Design Thinking and the Undergraduate Student

The beginning of January is the harbinger of another whirlwind term for our second year undergraduate education students.

The coursework for much of their time centers on design thinking and working through the process to successfully complete a task based on the tenants.  Many instructors call on us, Tammy Flanders and I, to walk their students through our “Introduction to Design Thinking” workshop.  There is one problem – time.

The perennial problem with every design thinking workshop we have ever been to is time.  Not enough time.  In working through the five steps of the design thinking process:

  1. Empathize
  2. Define
  3. Ideate
  4. Prototype
  5. Test and Re-Test

students are expected to work through an authentic task to develop their knowledge of the process.

If we do our workshop and help them to learn the Stanford-inspired language for Design Thinking and how we have worked through each individual step, then we are forcing the experience and requiring creative solutions on the spot.

In our most perfect world, our Design Thinking workshop would take place over days, in which students would have time to empathize with the end user of their prototypes.  They would have time to define the task at hand, mull it over and return to further define the task.  Upon further contemplation, various parts of the solution would occur to each group and there would be time for them to consider each aspect of each solution.  Prototyping would come quickly with on-the-spot feedback and testing and re-testing would prove to be a valuable learning experience.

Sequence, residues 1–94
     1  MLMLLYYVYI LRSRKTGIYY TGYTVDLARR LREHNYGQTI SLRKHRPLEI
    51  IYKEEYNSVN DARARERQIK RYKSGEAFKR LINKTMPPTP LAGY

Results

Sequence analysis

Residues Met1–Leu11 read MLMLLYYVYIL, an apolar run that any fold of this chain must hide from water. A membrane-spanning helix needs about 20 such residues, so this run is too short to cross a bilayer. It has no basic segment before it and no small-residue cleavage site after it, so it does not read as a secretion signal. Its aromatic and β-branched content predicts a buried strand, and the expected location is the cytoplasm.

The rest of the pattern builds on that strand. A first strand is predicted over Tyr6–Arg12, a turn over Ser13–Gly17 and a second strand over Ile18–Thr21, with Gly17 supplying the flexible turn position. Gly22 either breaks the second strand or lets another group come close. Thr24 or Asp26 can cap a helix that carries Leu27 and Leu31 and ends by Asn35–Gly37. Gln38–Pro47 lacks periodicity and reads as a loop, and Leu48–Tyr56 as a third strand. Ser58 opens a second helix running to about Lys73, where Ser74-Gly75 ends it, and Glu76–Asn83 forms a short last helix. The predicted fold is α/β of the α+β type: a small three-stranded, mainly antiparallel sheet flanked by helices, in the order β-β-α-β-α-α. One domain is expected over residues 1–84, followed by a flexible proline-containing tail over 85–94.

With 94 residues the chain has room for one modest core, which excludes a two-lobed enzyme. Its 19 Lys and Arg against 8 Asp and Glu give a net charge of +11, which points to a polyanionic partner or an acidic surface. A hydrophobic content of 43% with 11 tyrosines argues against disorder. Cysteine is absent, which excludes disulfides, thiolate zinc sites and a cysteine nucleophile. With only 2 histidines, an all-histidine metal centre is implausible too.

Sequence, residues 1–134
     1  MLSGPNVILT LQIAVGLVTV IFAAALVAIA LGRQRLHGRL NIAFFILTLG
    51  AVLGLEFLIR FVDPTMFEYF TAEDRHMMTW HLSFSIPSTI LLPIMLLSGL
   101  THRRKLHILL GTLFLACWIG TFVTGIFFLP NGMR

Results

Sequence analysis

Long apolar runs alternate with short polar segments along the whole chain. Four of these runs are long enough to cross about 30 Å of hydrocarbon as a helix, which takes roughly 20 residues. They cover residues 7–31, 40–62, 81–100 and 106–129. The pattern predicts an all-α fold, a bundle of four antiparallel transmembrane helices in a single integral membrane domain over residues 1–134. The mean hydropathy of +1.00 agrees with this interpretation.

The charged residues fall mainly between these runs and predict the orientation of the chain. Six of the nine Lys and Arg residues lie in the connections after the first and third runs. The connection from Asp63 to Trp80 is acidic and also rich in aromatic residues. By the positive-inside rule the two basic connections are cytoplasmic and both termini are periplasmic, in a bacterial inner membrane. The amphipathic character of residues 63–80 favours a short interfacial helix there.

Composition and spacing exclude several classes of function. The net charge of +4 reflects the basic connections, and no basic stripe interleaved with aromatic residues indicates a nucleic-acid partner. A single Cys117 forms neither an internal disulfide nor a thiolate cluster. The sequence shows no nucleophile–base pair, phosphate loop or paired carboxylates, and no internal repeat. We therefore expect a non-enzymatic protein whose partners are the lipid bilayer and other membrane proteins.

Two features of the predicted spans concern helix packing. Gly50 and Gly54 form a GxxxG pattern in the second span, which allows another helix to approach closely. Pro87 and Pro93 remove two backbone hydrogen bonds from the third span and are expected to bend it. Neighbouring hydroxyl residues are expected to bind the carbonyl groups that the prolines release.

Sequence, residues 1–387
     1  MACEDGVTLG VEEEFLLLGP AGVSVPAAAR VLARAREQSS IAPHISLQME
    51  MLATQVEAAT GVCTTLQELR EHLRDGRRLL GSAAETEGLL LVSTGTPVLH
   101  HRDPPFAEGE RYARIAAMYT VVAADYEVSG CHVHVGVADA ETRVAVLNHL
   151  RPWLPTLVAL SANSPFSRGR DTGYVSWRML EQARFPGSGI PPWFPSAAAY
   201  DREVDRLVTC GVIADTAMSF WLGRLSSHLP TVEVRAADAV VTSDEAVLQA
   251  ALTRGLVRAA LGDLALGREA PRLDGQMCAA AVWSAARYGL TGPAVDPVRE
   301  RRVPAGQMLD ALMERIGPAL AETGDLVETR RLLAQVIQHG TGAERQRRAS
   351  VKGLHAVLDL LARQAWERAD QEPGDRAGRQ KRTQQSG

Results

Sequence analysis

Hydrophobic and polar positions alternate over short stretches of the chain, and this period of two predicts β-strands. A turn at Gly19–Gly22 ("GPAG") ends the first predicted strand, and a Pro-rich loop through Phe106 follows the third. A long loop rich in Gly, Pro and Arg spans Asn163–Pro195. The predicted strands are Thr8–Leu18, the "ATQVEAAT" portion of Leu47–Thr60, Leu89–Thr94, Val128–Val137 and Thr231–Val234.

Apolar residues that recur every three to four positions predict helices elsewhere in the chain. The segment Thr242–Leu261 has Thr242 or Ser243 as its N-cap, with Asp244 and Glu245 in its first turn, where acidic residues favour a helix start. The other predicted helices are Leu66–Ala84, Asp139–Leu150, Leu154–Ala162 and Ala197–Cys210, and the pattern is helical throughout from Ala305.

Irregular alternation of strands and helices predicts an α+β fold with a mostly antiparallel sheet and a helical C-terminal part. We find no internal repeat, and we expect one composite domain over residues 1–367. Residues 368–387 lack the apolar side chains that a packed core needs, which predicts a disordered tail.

In this current framework, we touch on the deeper thinking nature of the first three steps and hope the prototyping and testing will take care of itself.  We hope that this rapid introduction to the steps and process of design thinking leave them wanting more through the Doucette’s Research Guide.

And so we spread the word about Design Thinking and the authentic learning prototype it can bring to each classroom but we struggle to give it the time it needs to fully be explored.

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